Eskandarian while at LA Galaxy, 2010
|Full name||Alecko Eskandarian|
|Date of birth||July 9, 1982|
|Place of birth||Montvale, New Jersey, United States|
|Height||5 ft 9 in (1.75 m)|
|2007||Real Salt Lake||17||(1)|
|2009–2010||Los Angeles Galaxy||3||(2)|
|2001||United States U-20||4||(0)|
|2013–||New York Cosmos (assistant)|
|2015–||New York Cosmos B|
* Senior club appearances and goals counted for the domestic league only and correct as of 30 October 2009.
Alecko Eskandarian (born July 9, 1982) is an American former soccer player of Armenian-Iranian descent. He is the assistant coach for New York Cosmos and head coach for their reserve team, New York Cosmos B.
High School and College
While at Bergen Catholic High School Eskandarian won the 1999-00 Gatorade National High School Athlete of the Year Award. He was also named a NSCAA/adidas All-American and New Jersey State Player of the Year after leading the state of New Jersey in scoring with 66 goals and 15 assists through 25 games during his senior year. He finished his high school career with 154 career goals, the most in Bergen County history and the third most in New Jersey high school history.
Prior to playing as a professional, he played three years of soccer for the University of Virginia where he was named the best player in college soccer and awarded the Hermann Trophy in 2002 after scoring 25 goals (a school record) and 4 assists for the Cavaliers. He played three standout seasons at the University of Virginia and established himself as one of the all-time greats at the school. He finished his Cavaliers career with 50 goals (including 15 game winners), 113 points, and 13 assists in 60 games, before foregoing his senior year to go pro. During his 3 seasons at UVA, Eskandarian was a 3-time All-American, 1st Team All-ACC, ACC Rookie of the Year in 2000, and was also named ACC Player of the Year and Soccer America's College Player of the Year in 2002. Eskandarian returned to the University during the 2010 season to finish his degree and take an assistant coaching job with the team.
Eskandarian played his first four MLS seasons for D.C. United, who drafted him #1 overall in the 2003 MLS Superdraft. During his first season he recorded three goals and two assists in 23 games. In the 2004 season, after the replacement of coach Ray Hudson with Peter Nowak, Eskandarian saw significantly more playing time. In his sophomore campaign, Eskandarian led D.C. United in goal scoring with ten in the regular season and added two assists, while scoring 4 more goals in the playoffs as DC United won the 2004 MLS Cup. His strong play also earned him the D.C. United Coaches Award for 2004 and his first spot on the MLS All-Star team.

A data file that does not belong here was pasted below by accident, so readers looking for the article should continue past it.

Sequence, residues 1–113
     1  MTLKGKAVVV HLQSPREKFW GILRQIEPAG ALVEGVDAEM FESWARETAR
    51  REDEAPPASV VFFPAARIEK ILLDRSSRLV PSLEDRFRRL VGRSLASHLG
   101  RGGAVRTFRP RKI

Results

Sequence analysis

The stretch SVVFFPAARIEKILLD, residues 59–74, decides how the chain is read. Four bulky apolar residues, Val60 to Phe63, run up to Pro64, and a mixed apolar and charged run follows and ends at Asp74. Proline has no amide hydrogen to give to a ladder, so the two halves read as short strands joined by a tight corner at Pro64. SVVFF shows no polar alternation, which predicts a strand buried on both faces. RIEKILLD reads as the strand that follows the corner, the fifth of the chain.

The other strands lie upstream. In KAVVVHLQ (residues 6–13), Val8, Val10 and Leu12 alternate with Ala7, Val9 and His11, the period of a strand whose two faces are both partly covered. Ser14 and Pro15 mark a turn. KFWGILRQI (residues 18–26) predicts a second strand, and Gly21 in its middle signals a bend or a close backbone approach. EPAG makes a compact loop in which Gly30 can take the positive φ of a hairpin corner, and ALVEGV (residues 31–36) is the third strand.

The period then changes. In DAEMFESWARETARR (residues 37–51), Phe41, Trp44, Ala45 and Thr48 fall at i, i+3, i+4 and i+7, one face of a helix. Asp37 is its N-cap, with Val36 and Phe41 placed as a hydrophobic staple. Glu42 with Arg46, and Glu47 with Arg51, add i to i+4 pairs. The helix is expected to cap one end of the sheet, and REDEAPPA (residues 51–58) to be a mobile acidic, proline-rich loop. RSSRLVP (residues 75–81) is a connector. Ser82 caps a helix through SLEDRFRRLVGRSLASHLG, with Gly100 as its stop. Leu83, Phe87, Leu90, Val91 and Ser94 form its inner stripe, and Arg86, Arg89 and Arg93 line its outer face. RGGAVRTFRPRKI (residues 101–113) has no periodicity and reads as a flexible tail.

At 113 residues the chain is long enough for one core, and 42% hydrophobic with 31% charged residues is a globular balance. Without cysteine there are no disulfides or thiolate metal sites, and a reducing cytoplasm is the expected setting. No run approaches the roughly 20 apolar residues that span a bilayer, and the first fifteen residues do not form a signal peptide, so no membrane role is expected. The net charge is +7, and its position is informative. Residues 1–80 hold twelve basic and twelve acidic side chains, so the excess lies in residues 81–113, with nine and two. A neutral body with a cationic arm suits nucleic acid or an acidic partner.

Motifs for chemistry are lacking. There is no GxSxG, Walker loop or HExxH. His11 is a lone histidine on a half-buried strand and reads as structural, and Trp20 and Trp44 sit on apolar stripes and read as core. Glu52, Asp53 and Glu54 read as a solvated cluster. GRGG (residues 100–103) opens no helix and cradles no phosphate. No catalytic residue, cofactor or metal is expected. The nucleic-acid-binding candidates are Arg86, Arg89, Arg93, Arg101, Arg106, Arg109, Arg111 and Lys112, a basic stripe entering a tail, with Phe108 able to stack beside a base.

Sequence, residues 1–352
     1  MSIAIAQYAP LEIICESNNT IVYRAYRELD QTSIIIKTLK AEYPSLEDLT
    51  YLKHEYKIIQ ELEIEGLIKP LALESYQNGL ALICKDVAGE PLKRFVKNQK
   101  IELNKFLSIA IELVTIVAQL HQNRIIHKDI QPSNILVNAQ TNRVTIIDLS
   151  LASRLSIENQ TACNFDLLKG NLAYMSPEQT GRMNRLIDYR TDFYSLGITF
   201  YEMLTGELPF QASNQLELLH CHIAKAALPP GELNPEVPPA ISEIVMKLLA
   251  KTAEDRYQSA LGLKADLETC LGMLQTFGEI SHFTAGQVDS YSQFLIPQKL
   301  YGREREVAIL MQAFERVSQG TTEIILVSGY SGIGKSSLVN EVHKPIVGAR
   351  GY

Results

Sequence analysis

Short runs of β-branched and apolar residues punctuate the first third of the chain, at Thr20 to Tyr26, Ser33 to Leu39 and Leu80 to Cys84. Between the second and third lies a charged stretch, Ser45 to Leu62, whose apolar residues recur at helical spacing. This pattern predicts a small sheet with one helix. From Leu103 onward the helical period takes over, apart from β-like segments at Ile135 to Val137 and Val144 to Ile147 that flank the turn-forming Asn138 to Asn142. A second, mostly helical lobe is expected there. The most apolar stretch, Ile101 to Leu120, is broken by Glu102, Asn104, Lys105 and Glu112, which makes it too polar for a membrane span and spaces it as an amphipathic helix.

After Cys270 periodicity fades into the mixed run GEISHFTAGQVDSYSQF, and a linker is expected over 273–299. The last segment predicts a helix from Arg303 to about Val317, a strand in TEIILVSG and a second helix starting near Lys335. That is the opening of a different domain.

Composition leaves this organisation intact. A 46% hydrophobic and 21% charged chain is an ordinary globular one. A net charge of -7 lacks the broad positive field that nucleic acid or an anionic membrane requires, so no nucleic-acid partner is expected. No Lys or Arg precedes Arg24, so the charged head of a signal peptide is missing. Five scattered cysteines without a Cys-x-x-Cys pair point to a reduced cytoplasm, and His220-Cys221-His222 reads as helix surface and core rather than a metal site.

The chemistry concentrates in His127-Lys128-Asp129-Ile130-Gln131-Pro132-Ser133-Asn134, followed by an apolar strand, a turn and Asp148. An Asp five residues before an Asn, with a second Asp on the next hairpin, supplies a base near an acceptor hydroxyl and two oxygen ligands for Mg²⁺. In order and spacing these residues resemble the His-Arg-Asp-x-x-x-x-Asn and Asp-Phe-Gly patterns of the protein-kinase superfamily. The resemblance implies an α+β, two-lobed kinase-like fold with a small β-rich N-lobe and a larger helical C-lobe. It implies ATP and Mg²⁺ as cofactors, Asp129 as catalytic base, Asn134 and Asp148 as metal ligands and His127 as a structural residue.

On November 14, 2004, Eskandarian played in his first MLS Cup game. He helped D.C. United defeat the Kansas City Wizards and win the championship by scoring two goals in the first half just four minutes apart — the fastest pair of goals in MLS Cup history — and was named the MLS Cup MVP. In 2005, Alecko's season ended early after suffering a concussion. After missing most of 2005 with post-concussion syndrome, Eskandarian wasted no time in making his mark on the 2006 season, scoring against New York in the season opener. In 22 games for D.C. United, Eskandarian recorded seven goals and two assists, including Goal of the Week honors on 5/13 for his tally against KC. His impressive return to form netted Eskandarian a Commissioner's Pick as an MLS All-Star, his second nod to the League's showcase event.On August 9, 2006, during the 2006 Summer Tour of Real Madrid, he scored DC United's only goal in a 1-1 draw with Real Madrid.
On December 22, 2006, Eskandarian was traded from D.C. United to Toronto FC for a partial allocation. On May 22, 2007, Eskandarian was traded from Toronto FC to Real Salt Lake in exchange for forward Jeff Cunningham. Between Real Salt Lake and Toronto, Eskandarian played 23 games (starting all 23), scoring 2 goals and adding 3 assists, logging 1,913 minutes.